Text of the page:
Baby Boomer employees and their retirement

At REST, we undertake regular research to better understand people’s financial health throughout their working lives.
 
The Journey Begins – REST white paper
 
Our latest commissioned research, The Journey Begins (part 4), seeks to help pre-retirees better plan for their own retirement by providing key insights into how their attitudes, finances, and expectations compare to those who are currently retired and those younger working Australians aged 35-49.
 
Together we can help pre-retirees
 
Our research also aims to look at the issues they’re facing and how we can work with them to plan for a better retirement. We encourage you to read and share these research findings with your employees, especially pre-retirees, by making the white paper available to them at your workplace and helping educate them about the value of retirement planning.
 
Key findings:

Baby Boomers, the ‘sandwich’ generation

Older workers, typically known as ‘baby boomers’, are caught between two generations that both need their support. They are ‘sandwiched’ between financially supporting elderly parents often with medical and health expenses, as well as their children for home deposits, everyday expenses and education. They are what we’ve termed the ‘sandwich generation’.

Intergenerational giving on a large scale

Our research shows older workers are providing most of the intergenerational giving – nearly $200 billion – over their collective lifetimes.

Children aged over 35 and retirees are providing another $310.2 billion, taking the total cost of intergenerational dependency to a staggering $507 billion over the combined lifetimes of Australians aged 35 and above.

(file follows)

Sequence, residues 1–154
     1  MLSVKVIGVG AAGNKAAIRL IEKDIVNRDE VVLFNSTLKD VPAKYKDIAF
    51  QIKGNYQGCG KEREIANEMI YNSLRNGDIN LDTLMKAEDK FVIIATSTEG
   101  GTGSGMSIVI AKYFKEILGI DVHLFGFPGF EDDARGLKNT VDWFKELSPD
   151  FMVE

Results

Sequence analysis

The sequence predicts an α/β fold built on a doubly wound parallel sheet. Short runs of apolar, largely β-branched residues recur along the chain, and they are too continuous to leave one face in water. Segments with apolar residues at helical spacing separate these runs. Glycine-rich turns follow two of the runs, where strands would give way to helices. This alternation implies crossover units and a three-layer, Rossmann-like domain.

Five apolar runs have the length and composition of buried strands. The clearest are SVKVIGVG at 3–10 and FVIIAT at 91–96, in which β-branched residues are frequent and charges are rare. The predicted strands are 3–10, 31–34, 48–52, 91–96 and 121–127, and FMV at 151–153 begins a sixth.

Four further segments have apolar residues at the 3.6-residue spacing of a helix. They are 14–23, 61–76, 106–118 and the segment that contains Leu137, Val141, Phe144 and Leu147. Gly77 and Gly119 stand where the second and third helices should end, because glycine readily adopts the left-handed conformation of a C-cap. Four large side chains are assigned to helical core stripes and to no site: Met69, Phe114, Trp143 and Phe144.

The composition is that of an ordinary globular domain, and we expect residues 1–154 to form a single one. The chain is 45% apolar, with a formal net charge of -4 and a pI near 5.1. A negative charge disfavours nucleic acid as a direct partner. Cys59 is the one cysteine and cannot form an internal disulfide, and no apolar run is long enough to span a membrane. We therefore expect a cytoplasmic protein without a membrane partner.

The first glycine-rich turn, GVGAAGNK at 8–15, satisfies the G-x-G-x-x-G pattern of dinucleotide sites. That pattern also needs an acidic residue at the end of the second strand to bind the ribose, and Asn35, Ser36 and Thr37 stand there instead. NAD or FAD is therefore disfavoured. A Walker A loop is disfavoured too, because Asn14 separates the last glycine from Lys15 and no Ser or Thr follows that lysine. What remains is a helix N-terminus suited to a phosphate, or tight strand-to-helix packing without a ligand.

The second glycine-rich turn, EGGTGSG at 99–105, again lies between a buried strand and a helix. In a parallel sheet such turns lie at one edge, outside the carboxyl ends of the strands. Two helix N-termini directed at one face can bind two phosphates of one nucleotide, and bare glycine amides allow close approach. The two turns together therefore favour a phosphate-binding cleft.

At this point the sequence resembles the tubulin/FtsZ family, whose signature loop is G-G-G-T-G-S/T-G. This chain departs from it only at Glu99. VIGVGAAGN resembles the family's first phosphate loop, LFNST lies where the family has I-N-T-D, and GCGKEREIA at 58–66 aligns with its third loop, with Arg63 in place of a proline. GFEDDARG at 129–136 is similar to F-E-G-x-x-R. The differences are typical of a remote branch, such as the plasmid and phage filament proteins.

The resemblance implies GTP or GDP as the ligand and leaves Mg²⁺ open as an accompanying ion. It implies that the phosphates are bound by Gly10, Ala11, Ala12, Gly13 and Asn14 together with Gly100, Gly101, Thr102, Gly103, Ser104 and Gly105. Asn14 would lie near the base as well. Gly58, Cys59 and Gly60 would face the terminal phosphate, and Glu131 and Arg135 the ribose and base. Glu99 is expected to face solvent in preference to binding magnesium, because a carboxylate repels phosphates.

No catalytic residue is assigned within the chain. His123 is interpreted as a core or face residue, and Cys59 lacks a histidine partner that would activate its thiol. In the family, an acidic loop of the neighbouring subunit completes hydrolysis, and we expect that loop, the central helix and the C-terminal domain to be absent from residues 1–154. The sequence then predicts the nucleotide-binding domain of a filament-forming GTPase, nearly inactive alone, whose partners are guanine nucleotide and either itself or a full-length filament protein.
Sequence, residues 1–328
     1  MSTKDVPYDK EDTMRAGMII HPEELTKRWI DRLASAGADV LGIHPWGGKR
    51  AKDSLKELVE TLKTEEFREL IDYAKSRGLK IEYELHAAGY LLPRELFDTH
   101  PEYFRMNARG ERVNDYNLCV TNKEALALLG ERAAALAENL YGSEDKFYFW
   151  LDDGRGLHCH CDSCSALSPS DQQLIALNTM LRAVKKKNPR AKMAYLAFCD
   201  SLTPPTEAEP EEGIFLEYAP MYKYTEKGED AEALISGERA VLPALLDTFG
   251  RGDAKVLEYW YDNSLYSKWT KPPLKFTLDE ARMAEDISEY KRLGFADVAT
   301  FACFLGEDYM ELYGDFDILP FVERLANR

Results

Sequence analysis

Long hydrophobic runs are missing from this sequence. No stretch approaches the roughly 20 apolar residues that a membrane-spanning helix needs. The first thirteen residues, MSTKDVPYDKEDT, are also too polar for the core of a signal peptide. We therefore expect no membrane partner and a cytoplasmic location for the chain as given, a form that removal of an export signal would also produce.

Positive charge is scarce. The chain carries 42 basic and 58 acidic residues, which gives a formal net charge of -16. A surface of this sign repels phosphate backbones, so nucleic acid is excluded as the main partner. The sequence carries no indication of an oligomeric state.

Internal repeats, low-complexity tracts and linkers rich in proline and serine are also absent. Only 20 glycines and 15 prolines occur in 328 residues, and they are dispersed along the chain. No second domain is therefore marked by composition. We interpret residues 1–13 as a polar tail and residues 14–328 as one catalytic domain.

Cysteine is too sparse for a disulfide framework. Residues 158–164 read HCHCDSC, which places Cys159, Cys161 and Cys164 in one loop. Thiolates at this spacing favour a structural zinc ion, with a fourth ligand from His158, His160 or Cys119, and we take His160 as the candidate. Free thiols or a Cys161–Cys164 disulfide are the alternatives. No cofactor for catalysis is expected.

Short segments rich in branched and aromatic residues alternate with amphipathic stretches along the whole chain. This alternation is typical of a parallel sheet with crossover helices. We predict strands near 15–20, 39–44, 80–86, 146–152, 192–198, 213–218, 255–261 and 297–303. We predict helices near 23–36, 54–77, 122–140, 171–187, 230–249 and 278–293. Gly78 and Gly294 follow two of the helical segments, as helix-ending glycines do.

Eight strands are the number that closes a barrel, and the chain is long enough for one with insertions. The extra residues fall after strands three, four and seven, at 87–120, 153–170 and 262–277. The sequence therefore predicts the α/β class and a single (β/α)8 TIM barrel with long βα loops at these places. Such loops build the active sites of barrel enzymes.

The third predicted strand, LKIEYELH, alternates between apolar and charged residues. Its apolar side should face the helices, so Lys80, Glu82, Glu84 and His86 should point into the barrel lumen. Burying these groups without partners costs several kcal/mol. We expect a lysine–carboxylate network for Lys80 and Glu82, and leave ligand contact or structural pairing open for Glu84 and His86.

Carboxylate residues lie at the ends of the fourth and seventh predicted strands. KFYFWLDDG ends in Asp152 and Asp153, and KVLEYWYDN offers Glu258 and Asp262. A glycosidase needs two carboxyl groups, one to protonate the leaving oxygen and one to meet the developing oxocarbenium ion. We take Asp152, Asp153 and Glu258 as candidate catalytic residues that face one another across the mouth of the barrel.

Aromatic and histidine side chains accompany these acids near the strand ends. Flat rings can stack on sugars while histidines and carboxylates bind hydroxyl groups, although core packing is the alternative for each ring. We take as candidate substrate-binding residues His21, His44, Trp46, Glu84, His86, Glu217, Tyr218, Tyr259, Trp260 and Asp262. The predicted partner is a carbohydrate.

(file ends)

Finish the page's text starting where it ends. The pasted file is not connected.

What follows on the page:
Considering the average superannuation balance of older workers is just $228,280* it’s no wonder they are feeling the squeeze.

For this generation, who are also saving toward their own retirement, The Journey Begins attempts to better understand the impacts intergenerational giving may have on their own retirement experience down the track.

No silver bullet, but super can help

Consequently, there’s a generation of retirees who aren’t living the life they deserve. And there are older working Australians who look set to live a more frugal retirement than anticipated.

Whilst superannuation isn’t the only answer, it can go a long way towards enjoying the best possible retirement.

Together we can help ease the squeeze
 
If you have employees aged between 50 and 65 who may have started thinking about planning their retirement, our research may be relevant and of value to them.

Together we can start to address this problem and ensure most Australians can live the life they have earned in retirement.

View The Journey Begins whitepaper here.


* Research conducted by Lonergan Research in January 2017 of 1048 Australians (243 younger Australians aged 35-49, 405 older working Australians aged 50+ and still working, and 400 retirees).